2004 Arthur Caplan Witchita Eagle (Kan.) (July 7) “Good health care should not be only for wealthy”: One might wonder why it is necessary to pay a bounty to get a doctor to call you back. The answer is that under the watchful eye of managed care and insurance companies, the quality of care has gotten so awful that doctors refer to it as “hamster care.” Only those patients who pay more are going to get treated by the “concierge” doctors who get off the daily treadmill and practice good medicine.

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    Word for the Day, March 16th

    interview without coffee n. a formal disciplinary meeting or official reprimand; a dressing-down.

    1990 John Goodbody Times (U.K.) (Apr. 2) “Greater communication urged to fight drugs”: Mahony said that the final interview by the IOC Medical Commission “was one of the most unpleasant, intimidating experiences of my life. After two carefree days, with a medal burning a hole in my pocket, it was an interview without coffee. It was not a pleasant experience.”

    1999 [Tex Bennett] Usenet: uk.people.ex-forces (Apr. 30) “Re: Off topic fried bread”: “‘Stern’ warning, does that mean ‘Off Caps’ at Defaulters on the QD?” “An interview without coffee?”

    2000 [Phil Mc Carty] Usenet: alt.military.army-cadet (Jan. 27) “Re: What Would You Do?”: A definite Commandant’s “IWOC’ (as we used to say in the Regulars…an ‘Interview without Coffee’) and serious disciplinary sanction. (Demotion? Transfer?)

    2001 Matthew Hickley Hobart Mercury (Australia) (Dec. 1) “Daring raid fails to nab bin Laden”: Eighteen Taliban were killed and dozens wounded and taken prisoner. I imagine they will be given a fair but tough interrogation—what the lads call interview without coffee.

    2004 Robert Fox Evening Standard (U.K.) (Jan. 19) “Troops face an unacceptable level of risk” p. 2: The meeting between Geoff Hoon and Samantha, the widow of Sergeant Steve Roberts, shot after he had handed back his body armour in Iraq, will be something of an interview without coffee—military jargon for a commander’s dressing-down of a subordinate.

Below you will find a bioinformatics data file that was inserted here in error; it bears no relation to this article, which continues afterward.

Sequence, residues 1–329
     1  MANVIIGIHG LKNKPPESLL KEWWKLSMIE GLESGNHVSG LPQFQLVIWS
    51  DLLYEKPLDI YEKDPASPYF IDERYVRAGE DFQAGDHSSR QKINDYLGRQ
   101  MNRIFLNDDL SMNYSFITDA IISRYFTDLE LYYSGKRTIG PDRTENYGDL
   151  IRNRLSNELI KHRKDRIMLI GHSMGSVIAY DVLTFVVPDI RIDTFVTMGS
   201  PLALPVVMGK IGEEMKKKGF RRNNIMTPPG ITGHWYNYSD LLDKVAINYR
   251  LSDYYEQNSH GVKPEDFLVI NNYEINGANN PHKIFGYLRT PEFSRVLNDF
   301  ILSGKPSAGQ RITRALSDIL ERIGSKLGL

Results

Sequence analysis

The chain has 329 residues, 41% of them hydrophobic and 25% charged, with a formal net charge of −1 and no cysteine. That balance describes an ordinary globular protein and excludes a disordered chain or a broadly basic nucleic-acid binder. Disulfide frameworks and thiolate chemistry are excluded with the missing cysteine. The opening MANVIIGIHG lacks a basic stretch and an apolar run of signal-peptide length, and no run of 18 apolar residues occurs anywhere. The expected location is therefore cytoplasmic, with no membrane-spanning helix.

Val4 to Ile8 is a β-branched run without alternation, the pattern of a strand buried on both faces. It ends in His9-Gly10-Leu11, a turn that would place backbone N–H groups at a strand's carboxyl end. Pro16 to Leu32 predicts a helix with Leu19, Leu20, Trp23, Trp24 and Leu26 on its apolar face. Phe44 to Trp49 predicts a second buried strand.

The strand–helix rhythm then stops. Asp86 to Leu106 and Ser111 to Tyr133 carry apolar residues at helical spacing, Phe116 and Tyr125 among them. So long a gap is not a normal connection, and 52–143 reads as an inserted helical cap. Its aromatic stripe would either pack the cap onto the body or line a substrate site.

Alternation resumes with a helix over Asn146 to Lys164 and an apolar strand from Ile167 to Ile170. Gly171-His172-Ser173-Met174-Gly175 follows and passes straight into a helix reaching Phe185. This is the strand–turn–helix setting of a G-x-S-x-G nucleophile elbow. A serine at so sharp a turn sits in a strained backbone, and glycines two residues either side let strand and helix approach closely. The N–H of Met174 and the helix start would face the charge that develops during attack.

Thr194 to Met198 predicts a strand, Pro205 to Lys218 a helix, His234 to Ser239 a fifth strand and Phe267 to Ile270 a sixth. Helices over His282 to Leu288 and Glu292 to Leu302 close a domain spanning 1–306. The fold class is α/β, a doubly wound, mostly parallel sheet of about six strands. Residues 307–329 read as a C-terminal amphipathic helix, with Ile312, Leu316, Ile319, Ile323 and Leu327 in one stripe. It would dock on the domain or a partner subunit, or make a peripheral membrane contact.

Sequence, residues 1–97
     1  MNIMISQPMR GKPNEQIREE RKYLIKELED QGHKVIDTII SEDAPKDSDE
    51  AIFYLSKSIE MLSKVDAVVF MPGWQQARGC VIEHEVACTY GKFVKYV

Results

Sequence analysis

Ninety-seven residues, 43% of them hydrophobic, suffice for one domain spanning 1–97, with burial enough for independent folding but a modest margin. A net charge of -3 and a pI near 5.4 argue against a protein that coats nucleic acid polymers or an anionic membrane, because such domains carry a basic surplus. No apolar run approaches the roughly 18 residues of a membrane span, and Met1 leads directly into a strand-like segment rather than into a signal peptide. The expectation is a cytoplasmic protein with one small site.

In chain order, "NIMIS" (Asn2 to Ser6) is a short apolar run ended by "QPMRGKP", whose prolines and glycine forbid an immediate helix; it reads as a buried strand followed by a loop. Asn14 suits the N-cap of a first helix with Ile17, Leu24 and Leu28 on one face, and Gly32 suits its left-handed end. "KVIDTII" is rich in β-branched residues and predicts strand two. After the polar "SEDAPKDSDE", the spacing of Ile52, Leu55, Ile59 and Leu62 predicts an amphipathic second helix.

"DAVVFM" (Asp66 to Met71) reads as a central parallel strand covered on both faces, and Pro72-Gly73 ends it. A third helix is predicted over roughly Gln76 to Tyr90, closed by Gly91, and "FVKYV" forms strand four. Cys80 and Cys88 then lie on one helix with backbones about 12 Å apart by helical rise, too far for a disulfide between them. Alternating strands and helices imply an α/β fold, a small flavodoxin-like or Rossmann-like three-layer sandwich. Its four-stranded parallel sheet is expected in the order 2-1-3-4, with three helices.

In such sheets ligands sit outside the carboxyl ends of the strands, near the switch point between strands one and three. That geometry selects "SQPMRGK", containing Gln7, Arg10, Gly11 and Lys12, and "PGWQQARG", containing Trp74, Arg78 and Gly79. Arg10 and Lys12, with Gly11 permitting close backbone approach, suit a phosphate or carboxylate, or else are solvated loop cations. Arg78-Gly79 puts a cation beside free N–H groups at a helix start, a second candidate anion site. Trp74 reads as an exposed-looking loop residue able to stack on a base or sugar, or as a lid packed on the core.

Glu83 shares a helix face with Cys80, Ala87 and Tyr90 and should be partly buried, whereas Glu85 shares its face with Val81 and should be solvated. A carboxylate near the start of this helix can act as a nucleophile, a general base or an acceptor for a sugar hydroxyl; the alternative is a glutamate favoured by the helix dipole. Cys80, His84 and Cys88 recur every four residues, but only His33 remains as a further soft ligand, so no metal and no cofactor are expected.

2004 James Kirkup, Gethin Chamberlain The Scotsman (July 22) “Commanders warn all ranks to silence dissent in public” p. 2: Punishments could include “administrative action and a nasty letter or interview without coffee,” a reference to a formal disciplinary meeting with superior officers.

    2005 Ireland On-Line (Jan. 21) “Officer not punished over Iraqi crackdown order”: The order by Major Dan Taylor breached the Geneva Convention and the crackdown which followed at an aid camp near Basra led to three soldiers being charged with abusing civilians. But Maj Taylor was only dealt with at “summary level,” which means he was spoken to by senior officers—a process known in Army slang as “interview without coffee.” The officers concluded that he was guilty no more than “misguided zeal,” the court heard today.

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    Word for the Day, Thursday March whatever....